At the dawn of human history we have the story of the tower at Babel. Here we see man’s ingenuity and unity used at cross purposes to God’s plan. God wanted humanity to spread out over the earth, but mankind centralized in order to build a name for themselves through their city and tower to heaven. This is part of the corrupted human nature; to use people for projects, like city and tower building, instead of releasing people to fulfill God’s plan for their life.
This project had many earmarks of godly motivation. After all, the tower’s destination was heaven. It was a product of unity - they had all agreed to build it together. Additionally, mankind would be in community; it would be a unified community project building a tower to heaven. Everyone would want to stay here because we have the only tower to heaven on earth. Why not? If we became rich and famous in the process, who could blame us?
The Church has never been free from the influences of human nature. As much as we like to talk about the moving of the Spirit of God in and through God’s people, the corrupted version of human nature has never been far away. Because of this, how we have done ‘church’ has also been influenced by this vision of Babel - to build a name for ourselves as we build a tower to heaven. The ministries of the church have come under this same influence. After all, what is ministry but the serving of the people of God to help in the fulfillment of the purpose of the church?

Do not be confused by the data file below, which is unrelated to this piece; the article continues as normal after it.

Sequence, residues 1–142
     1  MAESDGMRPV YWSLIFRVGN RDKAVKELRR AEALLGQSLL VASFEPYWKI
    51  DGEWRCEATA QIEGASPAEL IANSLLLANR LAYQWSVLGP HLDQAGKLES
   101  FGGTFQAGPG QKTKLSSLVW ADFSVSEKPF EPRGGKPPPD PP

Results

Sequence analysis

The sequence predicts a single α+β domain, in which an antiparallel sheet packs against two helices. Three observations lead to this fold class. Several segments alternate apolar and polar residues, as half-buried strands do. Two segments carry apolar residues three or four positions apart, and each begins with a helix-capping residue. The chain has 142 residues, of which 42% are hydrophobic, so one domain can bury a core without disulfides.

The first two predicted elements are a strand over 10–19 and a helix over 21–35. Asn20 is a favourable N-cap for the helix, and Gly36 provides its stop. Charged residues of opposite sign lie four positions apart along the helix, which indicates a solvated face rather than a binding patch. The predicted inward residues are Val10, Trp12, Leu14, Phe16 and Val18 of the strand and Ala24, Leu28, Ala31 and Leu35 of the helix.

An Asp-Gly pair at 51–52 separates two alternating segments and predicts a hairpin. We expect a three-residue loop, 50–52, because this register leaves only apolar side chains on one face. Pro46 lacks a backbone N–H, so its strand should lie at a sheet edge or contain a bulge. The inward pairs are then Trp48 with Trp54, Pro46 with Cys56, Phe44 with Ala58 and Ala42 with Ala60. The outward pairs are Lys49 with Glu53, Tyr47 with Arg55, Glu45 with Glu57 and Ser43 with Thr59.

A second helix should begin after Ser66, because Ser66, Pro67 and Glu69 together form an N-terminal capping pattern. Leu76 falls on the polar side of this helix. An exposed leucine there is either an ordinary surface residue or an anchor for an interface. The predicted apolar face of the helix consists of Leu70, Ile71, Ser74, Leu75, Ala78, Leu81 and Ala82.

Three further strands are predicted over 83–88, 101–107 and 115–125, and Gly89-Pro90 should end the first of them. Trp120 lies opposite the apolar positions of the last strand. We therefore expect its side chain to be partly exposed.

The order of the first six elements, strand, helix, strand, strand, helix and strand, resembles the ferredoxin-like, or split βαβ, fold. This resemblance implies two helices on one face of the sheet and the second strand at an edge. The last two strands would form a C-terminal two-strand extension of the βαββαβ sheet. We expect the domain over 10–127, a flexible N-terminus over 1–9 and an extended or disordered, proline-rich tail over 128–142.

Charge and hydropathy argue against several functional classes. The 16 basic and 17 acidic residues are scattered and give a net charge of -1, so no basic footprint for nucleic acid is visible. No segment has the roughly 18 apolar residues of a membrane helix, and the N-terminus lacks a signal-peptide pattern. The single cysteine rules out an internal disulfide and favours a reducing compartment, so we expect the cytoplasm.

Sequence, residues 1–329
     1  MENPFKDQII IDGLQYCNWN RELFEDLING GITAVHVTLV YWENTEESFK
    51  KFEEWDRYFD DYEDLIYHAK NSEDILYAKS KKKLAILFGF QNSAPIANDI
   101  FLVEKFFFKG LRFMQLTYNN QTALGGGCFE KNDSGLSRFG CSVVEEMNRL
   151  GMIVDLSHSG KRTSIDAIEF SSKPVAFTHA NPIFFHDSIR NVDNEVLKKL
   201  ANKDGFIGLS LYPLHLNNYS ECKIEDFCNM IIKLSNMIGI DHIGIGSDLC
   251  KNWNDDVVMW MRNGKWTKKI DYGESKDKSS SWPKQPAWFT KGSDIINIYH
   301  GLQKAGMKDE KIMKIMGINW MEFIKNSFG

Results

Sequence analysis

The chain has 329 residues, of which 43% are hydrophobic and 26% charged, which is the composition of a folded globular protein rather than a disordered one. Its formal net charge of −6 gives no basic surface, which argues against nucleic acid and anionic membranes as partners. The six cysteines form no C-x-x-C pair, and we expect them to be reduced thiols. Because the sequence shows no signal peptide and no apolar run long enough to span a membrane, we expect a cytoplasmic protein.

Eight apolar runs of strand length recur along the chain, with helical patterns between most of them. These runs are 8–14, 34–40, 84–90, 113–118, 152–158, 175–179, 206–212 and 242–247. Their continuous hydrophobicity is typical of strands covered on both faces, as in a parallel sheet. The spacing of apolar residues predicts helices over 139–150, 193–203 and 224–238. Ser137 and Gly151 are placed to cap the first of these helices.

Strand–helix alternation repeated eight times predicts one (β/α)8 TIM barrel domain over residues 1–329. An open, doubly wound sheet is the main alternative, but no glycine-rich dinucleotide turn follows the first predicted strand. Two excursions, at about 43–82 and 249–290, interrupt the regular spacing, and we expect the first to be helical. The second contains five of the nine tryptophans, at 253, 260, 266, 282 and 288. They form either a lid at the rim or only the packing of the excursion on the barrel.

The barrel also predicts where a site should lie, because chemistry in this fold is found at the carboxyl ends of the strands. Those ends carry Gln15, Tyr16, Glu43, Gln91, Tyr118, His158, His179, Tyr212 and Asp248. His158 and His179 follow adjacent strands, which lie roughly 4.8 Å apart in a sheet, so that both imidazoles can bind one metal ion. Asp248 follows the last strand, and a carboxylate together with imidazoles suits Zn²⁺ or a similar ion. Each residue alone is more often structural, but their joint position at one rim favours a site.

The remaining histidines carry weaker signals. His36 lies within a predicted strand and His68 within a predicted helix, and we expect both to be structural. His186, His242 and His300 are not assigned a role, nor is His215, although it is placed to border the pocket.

To the extent our vision of church is conditioned by Babel, to the same extent the ministries of the church serve to help centralize power and use people more and more efficiently in accomplishing this purpose. To the extent that our vision of the church is conditioned by the command of God to go into all the world, to the same extent our idea of ministry is releasing and expansive.
Jesus made this distinction when he spoke of the kind of leadership that is to be in the church. In Matt 20:25-28 Jesus said "You know that in this world kings are tyrants, and officials lord it over the people beneath them. But among you it should be quite different. Whoever wants to be a leader among you must be your servant, and whoever wants to be first must become your slave.” Paul wrote to the Corinthians the he did not “lord it over your faith, but we work with you for your joy, because it is by faith you stand firm.” (2 Cor 1:24 NIV) And Peter wrote once to the elders that they should ”shepherd the flock of God among you, exercising oversight not under compulsion, but voluntarily, according to the will of God; and not for sordid gain, but with eagerness; nor yet as lording it over those allotted to your charge, but proving to be examples to the flock.” (1 Peter 5:2-3NASU)
Over and over again the Bible says serving as an example is the type of leadership that is to be in the body of Christ.
Knowing that a picture is worth more than a thousand words, Jesus gave some people as gifts to the church. Ideally they are both examples and instructors of how to follow Christ. They are our leaders. If we want to know how to follow Jesus, we can look at the pictures God has given. I feel that ordination is how we, as a group, identify those people who are given to us by God to be that picture of how to follow Christ. They have the responsibility of informing us, by word and deed, what it means to be a follower of Christ.
The danger has always been that these leaders would use their position of influence for their own gain, or that they would want to build a city and a tower. No part of Christianity has been immune from this. But here, at Tree of Life Church, we hope that we see enough of the problem to avoid some of the pitfalls. How it will look in the final analysis we have yet to see.